And now the most interesting two minutes in television, the latest from the political grapevine:
Seeking Senate Seat?
Georgia political circles are said to be buzzing with talk that Jimmy Carter might run for the Senate seat vacated by the surprise retirement of the popular Democratic Sen. Zell Miller. The Hill newspaper reports that Carter was deeply offended by what he considered to be attacks on incumbent Democrat Max Cleland's patriotism this past fall. Cleland lost to Republican Saxby Chambliss, who made much of Cleland votes against the President's Homeland Security Department plan. Carter is said to be eager to see the other Georgia Senate seat remain in Democratic hands, though some close to him doubt he'll end up running.
Claims Cleared by Confirmation
And speaking of comeback candidates, former Illinois Democratic Sen. Carol Moseley-Braun is said to be considering running for the Senate again, and possibly even for the presidency. Moseley-Braun was defeated after serving one term by Republican Peter Fitzgerald in 1998, amid accusations that, among other things, she had schemed with her mother to cheat the Medicaid program. The Chicago Sun-Times says however that she feels that her name was cleared during the confirmation process on her nomination to be President Clinton's ambassador to New Zealand.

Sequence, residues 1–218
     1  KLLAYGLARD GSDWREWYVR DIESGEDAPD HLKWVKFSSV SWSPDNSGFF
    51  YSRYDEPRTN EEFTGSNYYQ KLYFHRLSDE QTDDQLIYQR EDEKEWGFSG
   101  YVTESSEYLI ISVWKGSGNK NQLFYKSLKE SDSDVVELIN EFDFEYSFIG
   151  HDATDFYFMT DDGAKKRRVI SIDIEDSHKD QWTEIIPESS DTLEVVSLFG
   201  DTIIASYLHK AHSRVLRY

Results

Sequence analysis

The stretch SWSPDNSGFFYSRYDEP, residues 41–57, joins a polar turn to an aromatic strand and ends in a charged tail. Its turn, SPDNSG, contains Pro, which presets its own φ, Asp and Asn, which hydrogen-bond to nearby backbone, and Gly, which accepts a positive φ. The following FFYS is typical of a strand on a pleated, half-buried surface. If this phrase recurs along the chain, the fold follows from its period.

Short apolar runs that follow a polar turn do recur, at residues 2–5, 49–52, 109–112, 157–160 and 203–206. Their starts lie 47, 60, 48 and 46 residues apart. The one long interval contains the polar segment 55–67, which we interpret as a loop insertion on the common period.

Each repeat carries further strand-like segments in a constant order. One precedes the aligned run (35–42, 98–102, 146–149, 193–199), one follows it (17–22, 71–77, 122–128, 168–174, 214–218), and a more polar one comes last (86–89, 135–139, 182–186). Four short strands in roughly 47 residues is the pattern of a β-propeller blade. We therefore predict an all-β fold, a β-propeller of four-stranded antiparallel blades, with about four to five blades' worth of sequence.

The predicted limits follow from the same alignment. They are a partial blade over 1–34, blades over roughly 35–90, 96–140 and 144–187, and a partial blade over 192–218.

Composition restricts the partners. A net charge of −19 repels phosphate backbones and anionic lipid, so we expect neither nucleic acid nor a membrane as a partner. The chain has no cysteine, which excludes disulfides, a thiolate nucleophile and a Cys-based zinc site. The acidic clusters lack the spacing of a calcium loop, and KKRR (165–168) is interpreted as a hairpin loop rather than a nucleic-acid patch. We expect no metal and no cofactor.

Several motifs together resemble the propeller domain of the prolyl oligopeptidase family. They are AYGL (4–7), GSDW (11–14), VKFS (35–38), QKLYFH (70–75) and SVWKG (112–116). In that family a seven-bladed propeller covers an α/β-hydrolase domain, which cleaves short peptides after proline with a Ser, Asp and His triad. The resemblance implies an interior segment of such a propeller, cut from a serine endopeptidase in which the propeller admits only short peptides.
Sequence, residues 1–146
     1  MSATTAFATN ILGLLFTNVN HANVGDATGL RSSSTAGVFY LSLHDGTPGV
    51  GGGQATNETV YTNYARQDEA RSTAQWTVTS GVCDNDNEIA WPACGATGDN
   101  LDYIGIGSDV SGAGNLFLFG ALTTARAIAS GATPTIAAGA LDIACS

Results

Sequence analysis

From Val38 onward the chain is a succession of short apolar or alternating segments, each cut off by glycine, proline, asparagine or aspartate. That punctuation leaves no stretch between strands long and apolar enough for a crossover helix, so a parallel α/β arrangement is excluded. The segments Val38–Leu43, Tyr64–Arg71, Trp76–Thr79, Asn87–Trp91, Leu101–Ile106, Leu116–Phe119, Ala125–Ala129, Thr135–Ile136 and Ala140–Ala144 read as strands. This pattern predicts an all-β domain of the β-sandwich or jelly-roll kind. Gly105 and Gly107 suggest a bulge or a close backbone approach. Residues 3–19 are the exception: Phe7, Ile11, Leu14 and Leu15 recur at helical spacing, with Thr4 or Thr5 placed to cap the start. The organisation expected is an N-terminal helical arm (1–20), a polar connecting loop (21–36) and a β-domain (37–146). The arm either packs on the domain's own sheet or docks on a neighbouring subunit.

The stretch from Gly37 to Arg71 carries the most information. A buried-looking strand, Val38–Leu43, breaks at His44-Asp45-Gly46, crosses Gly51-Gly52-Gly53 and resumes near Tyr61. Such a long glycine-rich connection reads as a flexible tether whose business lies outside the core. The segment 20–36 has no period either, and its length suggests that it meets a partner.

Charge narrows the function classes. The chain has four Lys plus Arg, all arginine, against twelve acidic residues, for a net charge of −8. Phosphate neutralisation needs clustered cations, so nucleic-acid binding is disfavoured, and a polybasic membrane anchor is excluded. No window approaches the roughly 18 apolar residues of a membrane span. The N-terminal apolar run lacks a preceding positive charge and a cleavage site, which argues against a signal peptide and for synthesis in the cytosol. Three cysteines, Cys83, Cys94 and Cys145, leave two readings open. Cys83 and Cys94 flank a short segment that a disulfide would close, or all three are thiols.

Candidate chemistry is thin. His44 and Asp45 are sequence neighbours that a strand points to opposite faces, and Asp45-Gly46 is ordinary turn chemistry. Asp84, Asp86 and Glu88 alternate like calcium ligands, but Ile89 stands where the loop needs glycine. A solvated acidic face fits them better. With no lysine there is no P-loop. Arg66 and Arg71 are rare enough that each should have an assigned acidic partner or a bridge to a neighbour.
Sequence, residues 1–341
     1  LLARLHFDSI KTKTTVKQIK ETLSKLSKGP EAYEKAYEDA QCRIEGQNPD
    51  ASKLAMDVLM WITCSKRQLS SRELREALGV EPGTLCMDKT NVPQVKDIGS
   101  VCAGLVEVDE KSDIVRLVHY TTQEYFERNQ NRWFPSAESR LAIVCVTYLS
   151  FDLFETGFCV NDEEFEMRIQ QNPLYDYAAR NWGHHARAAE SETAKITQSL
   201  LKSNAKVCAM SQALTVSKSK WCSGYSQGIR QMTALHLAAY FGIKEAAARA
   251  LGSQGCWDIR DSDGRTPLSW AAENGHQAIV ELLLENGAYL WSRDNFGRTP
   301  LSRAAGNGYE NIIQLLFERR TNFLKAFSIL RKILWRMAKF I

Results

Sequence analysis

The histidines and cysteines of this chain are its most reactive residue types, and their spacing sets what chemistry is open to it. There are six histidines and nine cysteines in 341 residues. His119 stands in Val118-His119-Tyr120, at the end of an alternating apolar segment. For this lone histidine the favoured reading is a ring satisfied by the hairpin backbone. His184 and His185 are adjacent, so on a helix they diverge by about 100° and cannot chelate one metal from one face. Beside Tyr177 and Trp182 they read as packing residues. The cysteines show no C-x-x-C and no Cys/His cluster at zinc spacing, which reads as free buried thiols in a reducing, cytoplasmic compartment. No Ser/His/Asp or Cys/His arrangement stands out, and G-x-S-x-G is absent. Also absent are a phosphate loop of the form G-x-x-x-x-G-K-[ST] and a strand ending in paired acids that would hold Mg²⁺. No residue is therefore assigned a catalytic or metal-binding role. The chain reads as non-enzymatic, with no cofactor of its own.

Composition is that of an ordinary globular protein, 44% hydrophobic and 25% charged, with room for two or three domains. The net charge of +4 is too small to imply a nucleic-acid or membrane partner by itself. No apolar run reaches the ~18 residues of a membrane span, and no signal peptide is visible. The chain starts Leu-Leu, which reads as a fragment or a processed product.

This is the season of political dinners, especially for the ever-expanding list of declared Democratic presidential candidates. At least four of them will be at the Linn County, Iowa, Jefferson Jackson Day dinner this Saturday. But all of six of them will be at the big 30th anniversary dinner here in Washington next week commemorating the Supreme Court's legalization of abortion. The dinner is sponsored by the National Abortion Rights Action League, which has now changed its name to Naral Pro-Choice America, apparently to emphasize the word choice instead of the word abortion. It is a measure of the political clout of the abortion movement that according to The New York Times, one of the Democratic candidates, former Vermont Gov. Howard Dean, after first claiming a possible scheduling conflict, will be coming. And Al Sharpton, who last week canceled out of an NAACP dinner in Oakland, Calif., at the last minute to make a paid speech in Beverly Hills, will also be there.